Friday, October 30, 2009
This morning I walked on Ferry Beach in Scarborough with my two dogs Liam & Gimli. It was just me, the boys and a flock of gulls enjoying the beautiful, but cold morning at low tide. As we slowly made our way down the beach, the wind at our backs, my little corgi Gimli, trotted at my side in the perfect heel position.
As a dog trainer, I have spent many hours working with my dogs. As demo dogs for every class I have ever taught, my dogs have shown off their PhD levels of obedience tricks, have wow'd audiences and in short…can be very charming.
I love training my dogs. Shaping behaviors with a clicker until a complex new trick emerges. Watching their eyes twinkle as their brains are processing what is being asked and then celebrating victory when the right response is achieved. But as a trainer, I know there is more then just having a clicker, good treats and perfect timing to having a healthy, enjoyable relationship with a dog.
As the progression of a trainer’s career goes, there is pressure to put titles on our dogs. To some, titles are like the platinum American express card of dog training. The clout that one is ‘worthy’ to teach dog classes for a living. I see validity in titles...but I also believe there are other forms of currency. I am impressed when a handler and dog are disciplined enough to obtain precision heeling, straight sits, and the perfect front and finish. I am even more impressed, and envious, when I see a handler and dog equally enjoying their time in ring, working together as a team and walking in balance. As a former agility buff (until a non agility injury permanently removed my dog from the game), my best runs were not the ones where I achieved a qualifying round…or even a ribbon. They are the ones where my dog and I shared an invisible tether of pure blissful energy. Where 1 minute of speed was slowed down and we moved in perfect harmony.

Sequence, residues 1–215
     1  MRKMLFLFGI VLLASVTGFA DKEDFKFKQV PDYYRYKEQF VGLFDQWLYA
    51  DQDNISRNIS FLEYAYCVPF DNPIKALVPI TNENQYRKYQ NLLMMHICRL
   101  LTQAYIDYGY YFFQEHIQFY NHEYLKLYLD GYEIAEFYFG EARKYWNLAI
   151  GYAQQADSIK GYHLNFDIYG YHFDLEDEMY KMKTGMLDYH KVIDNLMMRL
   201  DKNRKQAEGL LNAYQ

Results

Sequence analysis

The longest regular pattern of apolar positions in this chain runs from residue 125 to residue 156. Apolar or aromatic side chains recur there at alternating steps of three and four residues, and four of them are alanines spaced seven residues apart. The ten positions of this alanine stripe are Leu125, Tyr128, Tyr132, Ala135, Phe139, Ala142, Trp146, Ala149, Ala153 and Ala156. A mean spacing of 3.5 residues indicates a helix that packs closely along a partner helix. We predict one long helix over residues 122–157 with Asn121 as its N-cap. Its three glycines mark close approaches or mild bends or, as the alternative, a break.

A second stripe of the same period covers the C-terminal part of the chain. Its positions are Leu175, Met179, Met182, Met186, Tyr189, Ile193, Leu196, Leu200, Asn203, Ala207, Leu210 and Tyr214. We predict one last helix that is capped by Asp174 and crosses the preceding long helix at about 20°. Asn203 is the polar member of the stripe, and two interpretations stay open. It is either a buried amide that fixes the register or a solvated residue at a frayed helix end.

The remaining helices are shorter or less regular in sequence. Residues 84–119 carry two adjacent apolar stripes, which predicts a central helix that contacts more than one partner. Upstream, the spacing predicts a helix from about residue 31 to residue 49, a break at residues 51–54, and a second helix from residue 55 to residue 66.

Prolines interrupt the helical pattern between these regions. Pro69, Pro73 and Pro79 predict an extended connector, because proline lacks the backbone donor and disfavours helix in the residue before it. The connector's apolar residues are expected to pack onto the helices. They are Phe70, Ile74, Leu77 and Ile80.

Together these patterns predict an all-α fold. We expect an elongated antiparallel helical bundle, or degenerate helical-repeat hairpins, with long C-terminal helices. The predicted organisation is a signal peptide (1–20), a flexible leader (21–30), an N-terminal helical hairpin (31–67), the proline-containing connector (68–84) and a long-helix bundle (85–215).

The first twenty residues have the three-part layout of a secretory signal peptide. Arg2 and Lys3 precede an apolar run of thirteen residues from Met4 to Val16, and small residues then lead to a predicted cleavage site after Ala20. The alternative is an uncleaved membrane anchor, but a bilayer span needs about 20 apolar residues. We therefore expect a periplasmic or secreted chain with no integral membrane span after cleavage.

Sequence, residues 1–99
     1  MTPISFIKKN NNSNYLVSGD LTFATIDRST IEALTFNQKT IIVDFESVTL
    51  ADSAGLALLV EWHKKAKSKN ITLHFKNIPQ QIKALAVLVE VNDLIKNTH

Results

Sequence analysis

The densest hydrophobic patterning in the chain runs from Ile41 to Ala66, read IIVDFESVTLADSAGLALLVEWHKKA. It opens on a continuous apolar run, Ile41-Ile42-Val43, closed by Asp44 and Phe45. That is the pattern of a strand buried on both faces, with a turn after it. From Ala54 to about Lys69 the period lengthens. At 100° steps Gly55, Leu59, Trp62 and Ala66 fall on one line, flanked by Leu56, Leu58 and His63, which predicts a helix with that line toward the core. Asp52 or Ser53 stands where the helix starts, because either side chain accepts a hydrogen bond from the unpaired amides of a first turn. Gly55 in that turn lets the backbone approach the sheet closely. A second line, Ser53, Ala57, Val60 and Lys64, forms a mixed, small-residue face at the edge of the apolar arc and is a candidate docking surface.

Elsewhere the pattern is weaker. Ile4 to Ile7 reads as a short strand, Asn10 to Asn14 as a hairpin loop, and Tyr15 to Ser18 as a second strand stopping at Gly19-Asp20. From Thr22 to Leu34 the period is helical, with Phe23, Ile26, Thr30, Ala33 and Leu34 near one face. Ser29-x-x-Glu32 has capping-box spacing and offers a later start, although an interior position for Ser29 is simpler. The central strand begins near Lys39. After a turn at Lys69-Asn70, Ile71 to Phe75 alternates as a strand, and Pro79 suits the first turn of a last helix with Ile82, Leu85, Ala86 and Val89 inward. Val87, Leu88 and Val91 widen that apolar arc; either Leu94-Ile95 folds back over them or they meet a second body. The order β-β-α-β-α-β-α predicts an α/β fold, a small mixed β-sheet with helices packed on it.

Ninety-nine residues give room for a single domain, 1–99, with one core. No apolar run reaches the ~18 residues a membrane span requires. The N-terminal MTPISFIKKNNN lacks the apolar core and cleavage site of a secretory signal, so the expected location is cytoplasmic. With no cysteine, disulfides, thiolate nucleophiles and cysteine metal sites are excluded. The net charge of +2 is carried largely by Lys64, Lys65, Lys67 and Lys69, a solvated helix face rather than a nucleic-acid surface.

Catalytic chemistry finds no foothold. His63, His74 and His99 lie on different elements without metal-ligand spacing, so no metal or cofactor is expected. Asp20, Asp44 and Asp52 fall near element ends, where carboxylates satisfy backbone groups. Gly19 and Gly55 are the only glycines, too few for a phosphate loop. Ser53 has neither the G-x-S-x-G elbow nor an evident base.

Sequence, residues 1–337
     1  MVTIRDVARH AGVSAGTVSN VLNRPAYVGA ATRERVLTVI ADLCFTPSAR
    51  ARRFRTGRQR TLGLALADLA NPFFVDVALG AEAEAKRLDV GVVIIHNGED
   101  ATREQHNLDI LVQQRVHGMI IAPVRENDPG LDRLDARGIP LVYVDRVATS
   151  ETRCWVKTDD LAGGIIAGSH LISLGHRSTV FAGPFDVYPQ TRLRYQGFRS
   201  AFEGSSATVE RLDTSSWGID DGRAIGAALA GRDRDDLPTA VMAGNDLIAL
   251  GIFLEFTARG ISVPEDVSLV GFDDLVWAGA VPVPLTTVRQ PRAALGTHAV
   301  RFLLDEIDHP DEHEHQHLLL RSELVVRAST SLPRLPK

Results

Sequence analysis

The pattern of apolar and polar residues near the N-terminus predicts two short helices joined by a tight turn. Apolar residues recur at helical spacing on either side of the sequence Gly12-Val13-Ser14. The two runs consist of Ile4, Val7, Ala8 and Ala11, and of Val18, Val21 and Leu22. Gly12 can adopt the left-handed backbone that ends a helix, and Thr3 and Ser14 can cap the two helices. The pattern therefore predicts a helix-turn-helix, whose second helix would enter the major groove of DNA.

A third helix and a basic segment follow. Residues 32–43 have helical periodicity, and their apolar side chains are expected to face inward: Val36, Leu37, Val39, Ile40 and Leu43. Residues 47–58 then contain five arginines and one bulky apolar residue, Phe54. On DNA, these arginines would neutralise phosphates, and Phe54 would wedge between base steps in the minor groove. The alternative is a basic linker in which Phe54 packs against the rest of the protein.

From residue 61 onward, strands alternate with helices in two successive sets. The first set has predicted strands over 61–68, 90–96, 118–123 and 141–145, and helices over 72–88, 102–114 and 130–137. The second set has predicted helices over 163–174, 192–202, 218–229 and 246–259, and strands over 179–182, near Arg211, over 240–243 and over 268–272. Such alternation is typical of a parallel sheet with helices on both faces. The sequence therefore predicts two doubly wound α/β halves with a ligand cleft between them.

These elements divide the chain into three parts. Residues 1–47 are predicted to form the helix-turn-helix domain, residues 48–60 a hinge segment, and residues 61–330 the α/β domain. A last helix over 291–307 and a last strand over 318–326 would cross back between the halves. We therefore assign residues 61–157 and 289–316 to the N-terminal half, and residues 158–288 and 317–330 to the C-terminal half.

I tried to achieve that same connection in the obedience ring with my corgi. But he had other thoughts. Not the serious competitor as Liam, he is more of a class clown, where tom foolery is the name of the game. In class, he found the only good thing about heeling in a predetermined area, like an obedience ring, were the remnants of treat smells from the team prior to us. Needless to say…I worked A LOT in class to get him to not sniff the 6 inches below him but instead look the 5ft above. Not easy for a dog who is 10 inches off the ground. After weeks of classes and drills we both became bored. Then in class he started to ‘check out’, and it was obvious to me that this was no longer fun for him or for me. I took the high road and made the decision that the obedience title meant more to me than it did to him, and we gracefully bowed out.
Maybe someday I will get a pure bred dog that loves the obedience ring as much as my mixed breed loved the agility ring. But until then... I will fast forward to this mornings walk. Unleashed on a huge stretch of deserted beach, Gimli chose to give me that perfect heel. I smiled down at my funny little dog who smiled up at me, and we enjoyed our invisible tether of pure blissful energy that no ribbon or title could ever replace.